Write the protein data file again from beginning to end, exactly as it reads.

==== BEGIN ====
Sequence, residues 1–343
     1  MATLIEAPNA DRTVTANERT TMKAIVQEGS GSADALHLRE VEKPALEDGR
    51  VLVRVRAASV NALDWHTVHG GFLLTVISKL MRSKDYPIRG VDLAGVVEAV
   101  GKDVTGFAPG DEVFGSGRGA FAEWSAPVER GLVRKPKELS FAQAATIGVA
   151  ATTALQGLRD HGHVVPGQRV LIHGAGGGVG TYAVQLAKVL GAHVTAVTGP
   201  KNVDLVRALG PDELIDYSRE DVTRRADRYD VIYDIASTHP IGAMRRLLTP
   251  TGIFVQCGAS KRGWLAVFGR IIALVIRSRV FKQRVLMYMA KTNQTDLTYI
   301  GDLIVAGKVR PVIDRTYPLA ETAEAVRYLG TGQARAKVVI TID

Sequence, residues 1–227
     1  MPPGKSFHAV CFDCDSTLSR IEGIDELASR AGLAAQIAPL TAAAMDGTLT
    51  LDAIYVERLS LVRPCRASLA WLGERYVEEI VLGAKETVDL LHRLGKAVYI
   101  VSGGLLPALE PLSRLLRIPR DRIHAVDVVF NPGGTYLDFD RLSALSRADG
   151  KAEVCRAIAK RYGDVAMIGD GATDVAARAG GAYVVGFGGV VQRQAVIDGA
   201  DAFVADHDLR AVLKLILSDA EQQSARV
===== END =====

Sequence, residues 1–343
     1  MATLIEAPNA DRTVTANERT TMKAIVQEGS GSADALHLRE VEKPALEDGR
    51  VLVRVRAASV NALDWHTVHG GFLLTVISKL MRSKDYPIRG VDLAGVVEAV
   101  GKDVTGFAPG DEVFGSGRGA FAEWSAPVER GLVRKPKELS FAQAATIGVA
   151  ATTALQGLRD HGHVVPGQRV LIHGAGGGVG TYAVQLAKVL GAHVTAVTGP
   201  KNVDLVRALG PDELIDYSRE DVTRRADRYD VIYDIASTHP IGAMRRLLTP
   251  TGIFVQCGAS KRGWLAVFGR IIALVIRSRV FKQRVLMYMA KTNQTDLTYI
   301  GDLIVAGKVR PVIDRTYPLA ETAEAVRYLG TGQARAKVVI TID

Sequence, residues 1–227
     1  MPPGKSFHAV CFDCDSTLSR IEGIDELASR AGLAAQIAPL TAAAMDGTLT
    51  LDAIYVERLS LVRPCRASLA WLGERYVEEI VLGAKETVDL LHRLGKAVYI
   101  VSGGLLPALE PLSRLLRIPR DRIHAVDVVF NPGGTYLDFD RLSALSRADG
   151  KAEVCRAIAK RYGDVAMIGD GATDVAARAG GAYVVGFGGV VQRQAVIDGA
   201  DAFVADHDLR AVLKLILSDA EQQSARV